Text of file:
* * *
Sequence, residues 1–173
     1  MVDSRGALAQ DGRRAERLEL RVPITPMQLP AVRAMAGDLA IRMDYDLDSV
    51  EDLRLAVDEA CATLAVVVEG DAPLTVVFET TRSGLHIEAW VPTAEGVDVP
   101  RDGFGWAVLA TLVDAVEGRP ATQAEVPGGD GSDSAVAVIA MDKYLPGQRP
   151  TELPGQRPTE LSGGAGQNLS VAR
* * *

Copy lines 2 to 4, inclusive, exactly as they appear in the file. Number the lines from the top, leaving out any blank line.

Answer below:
     1  MVDSRGALAQ DGRRAERLEL RVPITPMQLP AVRAMAGDLA IRMDYDLDSV
    51  EDLRLAVDEA CATLAVVVEG DAPLTVVFET TRSGLHIEAW VPTAEGVDVP
   101  RDGFGWAVLA TLVDAVEGRP ATQAEVPGGD GSDSAVAVIA MDKYLPGQRP